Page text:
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German roaches are the most common species of cockroach worldwide. They can be found infesting just about anywhere that humans occupy. How do you know if you have German cockroaches? What do they look like? Are these roaches dangerous to humans? Get the answers to these questions and more with our 411 on German cockroaches.
German roaches are flat and oval-shaped with 6 legs and a pair of antennae. They are smaller than other species of cockroaches, measuring between 1/2″ and 5/8″ in length. They are light brown to tan in color with 2 dark parallel stripes on their backs, just behind their heads. Females are darker than males. This species has wings but rarely fly; they prefer to run instead.
German cockroaches are an indoor pest, preferring warm, humid environments. They prefer temperatures between 85 and 95 degrees Fahrenheit with 90 to 95% humidity. They make their way indoors by hitchhiking on grocery bags, cardboard boxes, and used appliances. They are often found above refrigerators or other heat producing appliances, under sinks, and around water pipes in kitchens and bathrooms so they can be near food and water sources. They are found throughout the United States.
German roaches will eat almost anything. This includes soap, glue, toothpaste, food crumbs, and bindings of books.
German cockroaches have been linked to disease transmission in humans. As they crawl across fecal matter and other areas, they pick up germs on the spines of their legs and then transfer them to food and other surfaces. It has been proven that German cockroaches spread 33 different bacteria, 6 parasitic worms, and 7 other human pathogens. Their saliva, droppings, and even their dead bodies have proteins that can trigger allergies and increase asthma symptoms, especially in children.
If you spot one German roach in your home, it is highly likely that there are many more hiding in cracks and crevices. Females can lay up to 40 eggs at a time which then mature within about 2 months. The female carries the egg case for up to a month and drops it right before it hatches. They can breed up to 6 generations per year. Adult German roaches can live up to 200 days. This quick reproductive rate combined with their lack of natural predators makes a German cockroach infestation difficult to control.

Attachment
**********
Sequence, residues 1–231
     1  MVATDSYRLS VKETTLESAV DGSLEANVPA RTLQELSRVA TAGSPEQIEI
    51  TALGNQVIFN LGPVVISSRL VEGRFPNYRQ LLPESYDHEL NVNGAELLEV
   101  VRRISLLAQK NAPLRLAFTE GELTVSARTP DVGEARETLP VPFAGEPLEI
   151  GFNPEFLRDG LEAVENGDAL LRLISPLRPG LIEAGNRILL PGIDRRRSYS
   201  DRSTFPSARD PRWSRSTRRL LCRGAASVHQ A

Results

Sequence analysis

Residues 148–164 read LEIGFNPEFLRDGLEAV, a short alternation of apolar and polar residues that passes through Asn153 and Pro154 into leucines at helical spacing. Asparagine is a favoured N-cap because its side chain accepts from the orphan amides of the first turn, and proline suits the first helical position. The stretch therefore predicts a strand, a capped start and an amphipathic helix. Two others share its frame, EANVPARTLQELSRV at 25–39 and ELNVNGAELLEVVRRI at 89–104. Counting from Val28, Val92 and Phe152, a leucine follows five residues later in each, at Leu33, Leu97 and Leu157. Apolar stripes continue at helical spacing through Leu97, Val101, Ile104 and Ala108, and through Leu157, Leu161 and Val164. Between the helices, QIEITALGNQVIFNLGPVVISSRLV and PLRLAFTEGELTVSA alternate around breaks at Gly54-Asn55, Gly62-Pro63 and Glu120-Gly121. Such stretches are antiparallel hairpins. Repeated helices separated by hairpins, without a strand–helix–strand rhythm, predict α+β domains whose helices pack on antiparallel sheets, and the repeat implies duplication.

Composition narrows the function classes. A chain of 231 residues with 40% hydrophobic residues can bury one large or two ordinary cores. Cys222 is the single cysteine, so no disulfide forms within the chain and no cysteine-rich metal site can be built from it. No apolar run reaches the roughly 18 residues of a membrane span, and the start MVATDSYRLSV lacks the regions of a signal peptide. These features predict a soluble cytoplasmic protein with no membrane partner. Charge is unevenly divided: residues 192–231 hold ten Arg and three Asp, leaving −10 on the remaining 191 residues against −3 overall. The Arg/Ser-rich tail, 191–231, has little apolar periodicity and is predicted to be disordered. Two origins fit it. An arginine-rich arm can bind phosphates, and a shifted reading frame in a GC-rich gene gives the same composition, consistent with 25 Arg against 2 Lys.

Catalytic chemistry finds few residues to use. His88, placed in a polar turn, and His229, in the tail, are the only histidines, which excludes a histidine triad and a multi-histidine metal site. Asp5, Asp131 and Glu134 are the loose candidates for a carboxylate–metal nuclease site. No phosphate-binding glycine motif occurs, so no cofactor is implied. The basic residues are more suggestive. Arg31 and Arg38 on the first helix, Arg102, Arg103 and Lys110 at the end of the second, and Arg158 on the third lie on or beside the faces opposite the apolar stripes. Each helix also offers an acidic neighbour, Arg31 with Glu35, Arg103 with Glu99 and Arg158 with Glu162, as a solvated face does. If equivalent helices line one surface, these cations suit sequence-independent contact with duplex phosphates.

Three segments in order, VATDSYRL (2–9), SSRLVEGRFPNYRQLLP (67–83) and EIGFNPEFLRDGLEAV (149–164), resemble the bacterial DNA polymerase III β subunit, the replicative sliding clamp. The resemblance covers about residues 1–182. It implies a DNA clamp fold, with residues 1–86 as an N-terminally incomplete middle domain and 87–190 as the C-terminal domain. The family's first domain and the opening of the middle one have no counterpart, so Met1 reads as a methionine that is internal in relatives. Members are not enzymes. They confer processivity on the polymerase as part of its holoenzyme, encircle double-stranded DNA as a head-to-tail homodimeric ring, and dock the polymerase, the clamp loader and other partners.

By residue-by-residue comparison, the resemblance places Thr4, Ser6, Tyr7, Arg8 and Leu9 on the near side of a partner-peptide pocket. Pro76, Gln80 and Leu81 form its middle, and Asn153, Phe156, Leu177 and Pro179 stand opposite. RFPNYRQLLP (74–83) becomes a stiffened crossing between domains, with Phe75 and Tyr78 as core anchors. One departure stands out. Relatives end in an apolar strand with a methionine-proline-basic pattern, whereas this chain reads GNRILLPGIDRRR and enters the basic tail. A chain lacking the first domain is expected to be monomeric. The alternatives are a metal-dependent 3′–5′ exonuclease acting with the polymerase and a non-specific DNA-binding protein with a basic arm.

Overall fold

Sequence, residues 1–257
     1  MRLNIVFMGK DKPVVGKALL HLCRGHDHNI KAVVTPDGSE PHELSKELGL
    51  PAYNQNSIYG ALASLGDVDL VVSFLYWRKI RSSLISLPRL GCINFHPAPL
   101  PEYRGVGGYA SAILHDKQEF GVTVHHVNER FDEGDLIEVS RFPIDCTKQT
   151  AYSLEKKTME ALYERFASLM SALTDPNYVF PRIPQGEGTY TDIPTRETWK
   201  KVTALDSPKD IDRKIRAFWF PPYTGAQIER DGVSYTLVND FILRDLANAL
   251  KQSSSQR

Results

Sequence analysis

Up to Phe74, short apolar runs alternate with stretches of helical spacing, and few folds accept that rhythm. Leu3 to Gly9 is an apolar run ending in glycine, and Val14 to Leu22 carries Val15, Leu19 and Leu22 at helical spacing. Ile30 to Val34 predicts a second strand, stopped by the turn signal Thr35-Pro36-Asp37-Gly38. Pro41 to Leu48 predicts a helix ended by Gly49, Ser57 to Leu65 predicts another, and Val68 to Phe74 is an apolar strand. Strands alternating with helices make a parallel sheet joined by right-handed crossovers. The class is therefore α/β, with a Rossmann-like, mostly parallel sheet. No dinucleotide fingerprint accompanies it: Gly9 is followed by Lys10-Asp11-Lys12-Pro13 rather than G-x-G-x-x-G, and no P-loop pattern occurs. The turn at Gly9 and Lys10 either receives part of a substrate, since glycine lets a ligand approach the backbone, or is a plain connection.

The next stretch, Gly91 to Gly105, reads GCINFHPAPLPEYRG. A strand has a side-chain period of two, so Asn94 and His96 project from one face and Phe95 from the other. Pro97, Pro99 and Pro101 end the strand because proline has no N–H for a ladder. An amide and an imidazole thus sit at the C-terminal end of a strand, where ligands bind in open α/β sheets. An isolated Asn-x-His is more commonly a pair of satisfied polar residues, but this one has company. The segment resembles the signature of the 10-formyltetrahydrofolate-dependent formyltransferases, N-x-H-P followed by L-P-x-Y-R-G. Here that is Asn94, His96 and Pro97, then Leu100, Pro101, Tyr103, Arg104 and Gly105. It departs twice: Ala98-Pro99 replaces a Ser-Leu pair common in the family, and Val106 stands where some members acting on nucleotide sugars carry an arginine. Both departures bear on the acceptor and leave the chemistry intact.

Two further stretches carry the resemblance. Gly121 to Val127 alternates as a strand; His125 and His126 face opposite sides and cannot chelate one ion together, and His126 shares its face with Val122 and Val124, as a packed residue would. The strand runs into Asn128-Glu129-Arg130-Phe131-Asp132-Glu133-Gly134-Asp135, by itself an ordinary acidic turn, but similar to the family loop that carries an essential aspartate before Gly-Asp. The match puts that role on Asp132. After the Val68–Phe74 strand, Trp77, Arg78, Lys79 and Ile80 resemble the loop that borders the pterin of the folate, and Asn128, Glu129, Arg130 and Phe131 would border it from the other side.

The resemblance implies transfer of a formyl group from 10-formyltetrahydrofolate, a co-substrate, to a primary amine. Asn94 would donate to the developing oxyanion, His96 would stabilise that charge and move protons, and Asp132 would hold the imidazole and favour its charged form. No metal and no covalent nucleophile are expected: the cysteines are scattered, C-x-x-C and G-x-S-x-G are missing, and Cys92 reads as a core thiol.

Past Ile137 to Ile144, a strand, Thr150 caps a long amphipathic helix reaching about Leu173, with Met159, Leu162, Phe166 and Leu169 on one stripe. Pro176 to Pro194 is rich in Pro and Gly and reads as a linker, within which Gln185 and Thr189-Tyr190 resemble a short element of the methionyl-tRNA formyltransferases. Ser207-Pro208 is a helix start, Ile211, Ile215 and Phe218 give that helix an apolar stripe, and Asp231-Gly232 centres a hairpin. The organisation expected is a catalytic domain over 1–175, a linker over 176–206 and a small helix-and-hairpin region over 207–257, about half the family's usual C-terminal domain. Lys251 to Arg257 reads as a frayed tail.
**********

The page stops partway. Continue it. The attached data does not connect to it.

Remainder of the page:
German cockroaches aggregate in groups when they infest your home. You are likely to find their droppings in areas that they frequent. These droppings appear as small, dark, pepper-like material that is often found on counters and in drawers. Their feces can also stain, leaving dark spots and smears in the corners of rooms, along the tops of doors, and around small cracks and openings in walls. When these roaches infest in large numbers, they can also give off a mild, musty odor.
The first step in preventing a german cockroach infestation is practicing good hygiene. Keep your kitchen and bathroom clean, cleaning up crumbs and spills quickly. Sweep, mop, and vacuum often. Don’t leave any dirty dishes in the sink. Don’t leave pet food and water bowls out overnight. Seal all the openings in the exterior of your home, especially around utility pipes. Ventilate or consider enclosing your crawlspace.
If you suspect you have a cockroach infestation of any species, contact a professional pest control company who can provide you with an in-depth inspection and set you up with an appropriate treatment and prevention plan.
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